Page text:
New Jersey Ordered To Review Marijuana’s Schedule I Classification

The post New Jersey Ordered To Review Marijuana’s Schedule I Classification appeared first on High Times.

One week before New Jersey’s gubernatorial election, local news sources are reporting that New Jersey has been ordered to review marijuana’s Schedule I classification. While the state technically has a medical marijuana program in place, the rigid guidelines and regulations severely restrict access to the medicine.

In an effort to combat this and improve the lives of the New Jersey residents who depend on medical weed, an appeals court is going head-to-head with the current governor, Chris Christie.

New Jersey Medical Marijuana Law

New Jersey Ordered To Review Marijuana's Schedule I Classification

On his last day in office, former governor Jon Corzine left a gift for his fellow New Jerseyites. On that day in 2010, he signed a bill passing legal medical marijuana. While passing the law was a step in the right direction, it had some downsides. Mainly, the short list of qualifying conditions for medical marijuana access. Another downside? Chris Christie replaced Corzine.

Christie doesn’t hold back on his opinions about cannabis. Even though the majority of his opinions are not factually based. At all.

Among the typical erroneous rhetoric, like equating weed to destructive drugs like heroin, Christie posited the wild conspiracy theory that marijuana reform is a Democratic plot designed to destroy the American youth.

Nevertheless, he himself, after much pressure, made a small reform in New Jersey’s medical marijuana program. He passed laws allowing children access to medical cannabis and also added PTSD to the list of qualifying conditions.

Although New Jersey’s Medical Marijuana Review Panel approved five new qualifying conditions last week, it’s not enough to truly make a difference. Access is still not top-tier, and cannabis still holds a criminal status.

And so, New Jersey was ordered to review marijuana’s Schedule I classification by a state appeals court. The primary reason? Because of the numerous medical benefits and potential the plant holds.

The Gubernatorial Election

New Jersey Ordered To Review Marijuana's Schedule I Classification

New Jersey is due for a new administration. And soon, they will get it.

On November 7, residents will cast their ballots for a new governor. Their choices are Republican Kim Guadagno and Democrat Phil Murphy. While both candidates are in favor of cannabis law reform in their state, they have one major difference.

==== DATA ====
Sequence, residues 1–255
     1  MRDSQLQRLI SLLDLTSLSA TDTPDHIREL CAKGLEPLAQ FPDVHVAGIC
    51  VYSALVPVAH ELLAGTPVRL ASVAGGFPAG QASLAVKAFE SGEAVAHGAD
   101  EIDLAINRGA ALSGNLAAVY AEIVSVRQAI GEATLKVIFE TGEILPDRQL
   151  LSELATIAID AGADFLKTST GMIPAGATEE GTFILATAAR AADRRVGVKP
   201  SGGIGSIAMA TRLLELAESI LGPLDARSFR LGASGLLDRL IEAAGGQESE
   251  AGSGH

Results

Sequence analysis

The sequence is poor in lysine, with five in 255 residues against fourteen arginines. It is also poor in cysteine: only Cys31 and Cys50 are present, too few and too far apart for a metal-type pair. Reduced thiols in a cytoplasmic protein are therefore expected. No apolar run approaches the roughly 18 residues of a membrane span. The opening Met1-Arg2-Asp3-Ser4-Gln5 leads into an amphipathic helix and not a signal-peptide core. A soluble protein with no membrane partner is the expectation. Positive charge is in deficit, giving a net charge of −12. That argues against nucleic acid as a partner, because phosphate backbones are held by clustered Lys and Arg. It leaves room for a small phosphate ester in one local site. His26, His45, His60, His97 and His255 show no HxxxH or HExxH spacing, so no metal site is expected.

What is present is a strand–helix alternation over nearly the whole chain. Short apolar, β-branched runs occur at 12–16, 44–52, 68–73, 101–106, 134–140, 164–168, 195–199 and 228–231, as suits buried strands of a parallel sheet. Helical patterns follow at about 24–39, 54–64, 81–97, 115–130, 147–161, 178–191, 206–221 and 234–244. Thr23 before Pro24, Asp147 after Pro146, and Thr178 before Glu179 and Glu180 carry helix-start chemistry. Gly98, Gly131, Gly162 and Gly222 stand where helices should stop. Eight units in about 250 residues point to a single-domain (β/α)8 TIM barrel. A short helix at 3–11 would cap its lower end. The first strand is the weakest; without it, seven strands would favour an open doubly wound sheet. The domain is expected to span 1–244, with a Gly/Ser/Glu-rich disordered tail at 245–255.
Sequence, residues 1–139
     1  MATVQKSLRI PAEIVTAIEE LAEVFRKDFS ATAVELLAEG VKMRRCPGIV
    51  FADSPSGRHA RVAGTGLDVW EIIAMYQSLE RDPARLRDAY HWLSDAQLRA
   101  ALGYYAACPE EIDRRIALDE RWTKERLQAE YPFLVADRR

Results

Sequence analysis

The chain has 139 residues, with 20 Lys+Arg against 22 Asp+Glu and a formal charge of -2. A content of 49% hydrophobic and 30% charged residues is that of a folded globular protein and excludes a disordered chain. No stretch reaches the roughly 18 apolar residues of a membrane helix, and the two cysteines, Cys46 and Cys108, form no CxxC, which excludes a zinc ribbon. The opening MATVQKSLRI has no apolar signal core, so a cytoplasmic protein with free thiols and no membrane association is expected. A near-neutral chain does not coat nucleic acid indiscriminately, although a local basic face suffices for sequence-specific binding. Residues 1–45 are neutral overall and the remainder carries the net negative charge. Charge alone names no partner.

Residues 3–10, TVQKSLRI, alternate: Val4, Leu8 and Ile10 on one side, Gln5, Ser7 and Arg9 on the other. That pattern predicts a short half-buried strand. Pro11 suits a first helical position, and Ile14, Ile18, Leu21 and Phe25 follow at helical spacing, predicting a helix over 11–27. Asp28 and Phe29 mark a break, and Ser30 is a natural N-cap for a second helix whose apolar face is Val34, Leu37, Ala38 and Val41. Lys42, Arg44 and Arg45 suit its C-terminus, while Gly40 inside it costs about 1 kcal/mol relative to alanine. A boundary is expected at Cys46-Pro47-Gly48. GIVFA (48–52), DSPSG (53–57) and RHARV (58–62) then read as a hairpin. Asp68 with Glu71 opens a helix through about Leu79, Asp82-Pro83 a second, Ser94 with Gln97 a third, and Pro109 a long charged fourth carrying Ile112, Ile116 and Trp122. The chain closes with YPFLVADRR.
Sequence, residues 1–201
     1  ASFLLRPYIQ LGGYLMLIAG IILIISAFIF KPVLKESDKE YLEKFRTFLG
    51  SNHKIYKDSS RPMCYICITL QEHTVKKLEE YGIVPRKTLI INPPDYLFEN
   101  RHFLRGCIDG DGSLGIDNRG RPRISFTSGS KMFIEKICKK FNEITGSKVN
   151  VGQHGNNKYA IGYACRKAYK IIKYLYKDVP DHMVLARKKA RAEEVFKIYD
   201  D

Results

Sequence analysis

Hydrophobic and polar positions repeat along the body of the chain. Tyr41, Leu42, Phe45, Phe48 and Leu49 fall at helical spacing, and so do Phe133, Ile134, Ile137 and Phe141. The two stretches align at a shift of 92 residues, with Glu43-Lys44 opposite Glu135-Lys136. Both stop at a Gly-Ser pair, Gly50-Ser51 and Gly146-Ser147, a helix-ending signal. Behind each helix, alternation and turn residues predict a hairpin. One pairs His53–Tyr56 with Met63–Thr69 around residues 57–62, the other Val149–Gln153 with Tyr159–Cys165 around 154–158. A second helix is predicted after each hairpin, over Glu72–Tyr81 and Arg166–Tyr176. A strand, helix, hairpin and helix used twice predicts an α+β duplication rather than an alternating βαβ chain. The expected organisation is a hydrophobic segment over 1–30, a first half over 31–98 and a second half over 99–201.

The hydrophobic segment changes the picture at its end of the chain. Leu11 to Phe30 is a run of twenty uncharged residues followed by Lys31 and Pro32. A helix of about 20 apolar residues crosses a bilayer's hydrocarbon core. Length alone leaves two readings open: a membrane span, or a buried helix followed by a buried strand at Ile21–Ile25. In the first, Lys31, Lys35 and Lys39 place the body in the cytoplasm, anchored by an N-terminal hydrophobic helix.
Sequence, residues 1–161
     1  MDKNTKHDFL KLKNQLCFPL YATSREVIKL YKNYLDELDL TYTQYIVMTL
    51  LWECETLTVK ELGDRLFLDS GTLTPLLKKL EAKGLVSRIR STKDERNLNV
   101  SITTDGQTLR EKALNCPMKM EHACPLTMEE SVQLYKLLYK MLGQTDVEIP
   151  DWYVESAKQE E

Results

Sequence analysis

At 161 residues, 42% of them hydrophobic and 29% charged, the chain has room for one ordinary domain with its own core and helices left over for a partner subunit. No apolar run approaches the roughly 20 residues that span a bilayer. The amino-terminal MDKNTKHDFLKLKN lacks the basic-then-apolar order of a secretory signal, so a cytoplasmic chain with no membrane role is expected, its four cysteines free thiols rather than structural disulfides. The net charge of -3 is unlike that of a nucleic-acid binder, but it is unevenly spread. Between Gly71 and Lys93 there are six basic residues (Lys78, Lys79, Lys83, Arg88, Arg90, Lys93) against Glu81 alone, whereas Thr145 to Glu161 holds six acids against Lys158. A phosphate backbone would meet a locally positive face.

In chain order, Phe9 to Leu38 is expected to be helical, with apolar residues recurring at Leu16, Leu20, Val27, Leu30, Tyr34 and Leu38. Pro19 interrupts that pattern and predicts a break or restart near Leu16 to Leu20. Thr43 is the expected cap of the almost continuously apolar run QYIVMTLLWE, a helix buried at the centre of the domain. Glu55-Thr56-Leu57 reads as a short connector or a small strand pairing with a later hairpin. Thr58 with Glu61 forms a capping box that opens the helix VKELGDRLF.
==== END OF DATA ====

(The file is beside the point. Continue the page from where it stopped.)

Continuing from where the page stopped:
Guadagno wants to decriminalize weed and expand the medical marijuana program. Murphy, on the other hand, is in favor of straight-up legalization.

This morning, Murphy made a vocal appearance on NPR. During the segment, the host encouraged New Jersey voters to call in to ask the gubernatorial candidate questions. One such caller asked him to clarify his position on cannabis legalization versus that of his opponent.

Murphy explained that decriminalization as Guadagno proposed, contrary to its name, would keep weed in the hands of criminals.

“It’s the Wild West,” he said of decriminalization. “Minors will be exposed. We’ll have no control. We need to regulate it and get it out of the hands of the bad guys.”

Additionally, Murphy proposed that the law treat cannabis like alcohol. Legalize it, regulate it and tax it.

“We’re trying to learn the lessons—the good and bad—from other states that have done it,” he continued.

Murphy went on to talk briefly about the racism involved in marijuana arrests.

Final Hit: New Jersey Ordered To Review Marijuana’s Schedule I Classification

There are currently 15,490 medical marijuana patients living in New Jersey. Given the strict guidelines and restrictive list of qualifying conditions, it’s safe to say that there are many more patients who would benefit from medicinal weed. Denying sick people access to life-improving medicine is unconscionable. An appeal is definitely overdue.

The post New Jersey Ordered To Review Marijuana’s Schedule I Classification appeared first on High Times.


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